SimplyBiz founder and chairman Ken Davy has warned 2018 will be the year when advisers are hit by more rules and regulations than ever before.
implyBiz founder and chairman Ken Davy has warned 2018 will be the year when advisers are hit by more rules and regulations than ever before.
Mr Davy pointed to a raft of new regulations that will enter the financial services market next year, including the Markets in Financial Instruments Directive II (MIFID II) which is introduced today (3 January) and the Senior Managers and Certification Regime (SM&CR), on which the FCA has indicated it will publish a policy statement with final rules in summer 2018.
The industry will also be hit by the General Data Protection Regulation (GDPR) which comes into force on 25 May 2018, and the Insurance Distribution Directive (IDD), expected to apply from 1 October 2018.
Mr Davy said: “This year is probably going to see more new rules and regulations hit the financial services sector than in any previous year and an even uglier reality is that they are arriving in a raft of different forms.
“It is crystal clear that, unless you want to spend countless hours of your own time on mind-numbing detail, when you could, and should, be helping clients, you need to make sure that in 2018 you retain a reliable and comprehensive support provider.”
MiFID is a European directive that will affect asset managers and providers but also advisers.
Most notably it will introduce the requirement on advisers to record all relevant conversations with clients, either by taping or making written notes.
The rules also require distributors, including advisers, to pass information to providers to ensure investment products are being sold only to specifically targeted markets.
A study carried out in February found almost half of advisers expected Mifid II to have a negative impact on the financial advice industry and the majority believed it would lead to an increase in restricted advice.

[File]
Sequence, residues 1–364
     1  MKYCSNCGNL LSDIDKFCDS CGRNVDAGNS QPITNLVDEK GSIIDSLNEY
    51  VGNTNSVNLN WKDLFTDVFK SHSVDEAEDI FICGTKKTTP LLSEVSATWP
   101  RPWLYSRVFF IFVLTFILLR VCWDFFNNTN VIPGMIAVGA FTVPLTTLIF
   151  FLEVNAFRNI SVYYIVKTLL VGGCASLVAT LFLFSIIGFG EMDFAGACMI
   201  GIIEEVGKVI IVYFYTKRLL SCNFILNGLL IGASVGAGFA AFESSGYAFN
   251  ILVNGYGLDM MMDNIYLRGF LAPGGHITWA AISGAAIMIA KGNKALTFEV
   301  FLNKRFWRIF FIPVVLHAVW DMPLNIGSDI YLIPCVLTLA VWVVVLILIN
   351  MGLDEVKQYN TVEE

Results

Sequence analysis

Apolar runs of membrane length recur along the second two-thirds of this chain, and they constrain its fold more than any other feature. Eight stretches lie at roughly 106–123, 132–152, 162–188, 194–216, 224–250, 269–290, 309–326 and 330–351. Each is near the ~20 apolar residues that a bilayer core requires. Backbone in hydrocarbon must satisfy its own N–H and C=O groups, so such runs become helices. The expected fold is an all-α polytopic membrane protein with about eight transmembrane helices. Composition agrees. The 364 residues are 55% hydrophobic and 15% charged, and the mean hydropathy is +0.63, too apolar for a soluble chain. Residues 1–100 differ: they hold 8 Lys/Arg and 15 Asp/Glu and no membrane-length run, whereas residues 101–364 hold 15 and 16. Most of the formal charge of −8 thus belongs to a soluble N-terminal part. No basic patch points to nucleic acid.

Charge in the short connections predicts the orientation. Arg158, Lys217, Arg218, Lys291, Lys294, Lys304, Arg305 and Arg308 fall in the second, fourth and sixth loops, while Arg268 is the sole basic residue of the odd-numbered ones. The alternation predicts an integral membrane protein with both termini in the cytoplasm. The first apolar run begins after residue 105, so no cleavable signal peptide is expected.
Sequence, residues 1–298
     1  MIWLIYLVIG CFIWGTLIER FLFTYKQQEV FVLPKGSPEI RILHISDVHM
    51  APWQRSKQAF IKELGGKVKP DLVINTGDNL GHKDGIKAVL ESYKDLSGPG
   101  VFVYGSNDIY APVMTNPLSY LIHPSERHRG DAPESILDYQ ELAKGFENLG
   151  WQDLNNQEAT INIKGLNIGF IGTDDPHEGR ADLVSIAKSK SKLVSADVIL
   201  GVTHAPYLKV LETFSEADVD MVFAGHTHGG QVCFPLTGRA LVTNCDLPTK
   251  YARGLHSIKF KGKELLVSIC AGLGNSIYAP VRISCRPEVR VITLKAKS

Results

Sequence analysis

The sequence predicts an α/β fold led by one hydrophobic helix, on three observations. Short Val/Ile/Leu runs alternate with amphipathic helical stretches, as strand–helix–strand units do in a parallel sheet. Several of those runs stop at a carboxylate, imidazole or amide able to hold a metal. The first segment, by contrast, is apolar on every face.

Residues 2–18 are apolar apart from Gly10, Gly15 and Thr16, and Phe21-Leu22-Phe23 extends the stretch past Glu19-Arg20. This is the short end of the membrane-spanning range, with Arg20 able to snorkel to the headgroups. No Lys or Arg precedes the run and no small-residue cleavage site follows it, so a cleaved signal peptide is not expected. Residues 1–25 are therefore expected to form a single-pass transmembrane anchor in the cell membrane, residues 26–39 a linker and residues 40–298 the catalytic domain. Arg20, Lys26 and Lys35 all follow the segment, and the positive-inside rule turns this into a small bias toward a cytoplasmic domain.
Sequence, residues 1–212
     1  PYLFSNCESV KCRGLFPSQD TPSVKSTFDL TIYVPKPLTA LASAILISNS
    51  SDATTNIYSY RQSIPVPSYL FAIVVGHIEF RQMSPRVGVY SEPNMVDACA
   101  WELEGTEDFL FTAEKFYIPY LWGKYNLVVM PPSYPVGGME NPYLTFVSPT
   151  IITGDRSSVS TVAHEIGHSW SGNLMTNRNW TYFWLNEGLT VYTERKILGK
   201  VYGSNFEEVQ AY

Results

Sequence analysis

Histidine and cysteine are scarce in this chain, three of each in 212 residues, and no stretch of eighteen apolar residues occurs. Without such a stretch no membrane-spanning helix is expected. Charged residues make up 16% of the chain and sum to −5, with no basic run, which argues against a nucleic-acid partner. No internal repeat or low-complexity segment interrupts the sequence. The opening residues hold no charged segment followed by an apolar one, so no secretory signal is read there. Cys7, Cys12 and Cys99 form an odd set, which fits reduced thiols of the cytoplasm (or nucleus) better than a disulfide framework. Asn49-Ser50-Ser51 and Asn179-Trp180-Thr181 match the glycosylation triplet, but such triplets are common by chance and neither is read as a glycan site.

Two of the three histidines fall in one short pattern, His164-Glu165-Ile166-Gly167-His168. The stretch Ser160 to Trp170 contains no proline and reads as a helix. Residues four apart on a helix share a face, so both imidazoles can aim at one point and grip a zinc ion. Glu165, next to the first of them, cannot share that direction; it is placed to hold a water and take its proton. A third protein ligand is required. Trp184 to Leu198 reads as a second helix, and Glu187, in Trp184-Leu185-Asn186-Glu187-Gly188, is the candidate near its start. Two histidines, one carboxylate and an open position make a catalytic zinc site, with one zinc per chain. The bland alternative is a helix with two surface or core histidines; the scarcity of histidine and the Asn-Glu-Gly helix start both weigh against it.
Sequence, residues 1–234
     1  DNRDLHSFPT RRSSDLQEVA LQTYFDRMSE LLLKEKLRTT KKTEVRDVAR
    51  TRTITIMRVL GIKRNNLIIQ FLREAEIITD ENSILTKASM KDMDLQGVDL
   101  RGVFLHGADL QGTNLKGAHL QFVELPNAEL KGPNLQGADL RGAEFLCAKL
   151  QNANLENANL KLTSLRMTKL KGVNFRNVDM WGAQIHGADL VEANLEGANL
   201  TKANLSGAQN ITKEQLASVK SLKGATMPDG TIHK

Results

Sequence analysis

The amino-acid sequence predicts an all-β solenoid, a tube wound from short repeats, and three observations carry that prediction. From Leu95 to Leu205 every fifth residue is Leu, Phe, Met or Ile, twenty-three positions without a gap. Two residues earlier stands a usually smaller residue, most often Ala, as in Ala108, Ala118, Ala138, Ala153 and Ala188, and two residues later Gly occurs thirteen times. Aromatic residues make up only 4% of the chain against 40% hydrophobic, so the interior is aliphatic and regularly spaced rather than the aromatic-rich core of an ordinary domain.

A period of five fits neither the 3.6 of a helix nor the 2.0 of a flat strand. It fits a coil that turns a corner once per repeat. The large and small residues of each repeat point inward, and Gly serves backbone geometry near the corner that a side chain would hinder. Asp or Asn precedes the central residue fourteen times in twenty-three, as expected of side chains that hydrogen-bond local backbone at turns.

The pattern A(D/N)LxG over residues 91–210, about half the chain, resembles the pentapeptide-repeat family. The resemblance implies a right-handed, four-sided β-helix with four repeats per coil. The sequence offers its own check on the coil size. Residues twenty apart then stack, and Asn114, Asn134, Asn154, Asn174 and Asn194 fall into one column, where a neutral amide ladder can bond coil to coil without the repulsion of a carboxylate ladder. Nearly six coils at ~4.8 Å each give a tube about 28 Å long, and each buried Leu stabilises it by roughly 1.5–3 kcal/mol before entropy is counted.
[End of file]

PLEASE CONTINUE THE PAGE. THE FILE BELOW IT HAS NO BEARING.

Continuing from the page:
The senior manager regime is an extension of the system currently governing banks.
Under the regime, anyone who holds a senior management function at an advice firm will need to be approved by the FCA and every senior manager will need to fill out a statement explaining what they are responsible for, for which they will then be held accountable.
This will need to be approved by the FCA when it is first filled out as well as when changes are made to it.
The regime sets out a series of “prescribed responsibilities” which firms will need to give their senior managers, but these will not apply to some firms – including sole traders of firms – and larger firms will have more responsibilities.
Mr Davy also pointed to some positive changes in the coming year, including the promise of a better deal on the funding of the Financial Services Compensation Scheme (FSCS).
The regulator has been consulting on how best to reform the funding mechanism, which currently sees advice firms bear the brunt of the cost.
It proposed to make providers contribute from the first pound but only up to 25 per cent of the compensation costs which fall on the intermediation classes.
Mr Davy said providers should take the lion’s share of the cost. In his response to the FSCS funding consultation he wrote providers should pay as much as 75 per cent.
He has now reiterated his call. “Unfortunately, their suggestion that providers contribute a mere 25 per cent of the FSCS costs is wholly inadequate, given the providers’ ability to spot wrongdoing at a very early stage,” he said.
He added: “Critically, the consultation closes on 30 January and I urge you to take this opportunity to make your voice heard by submitting a response to ensure that after decades of injustice 2018 sees the introduction of a fairer deal for advisers.”
All in all Mr Davy was positive about the near future of the advice market.
“Throughout 2017, and regardless of elections, Brexit and pension freedoms, regulation has continued its remorseless march adding costs and complication into a marketplace, where financial advisers simply want to focus their energies and expertise on helping clients meet the challenges of dying too soon or living too long,” he said.
“The good news is that despite everything the world has thrown at them, most financial advisers are ending the year busier and more successful than ever and can look forward to a positive future in a market brimming with opportunities.”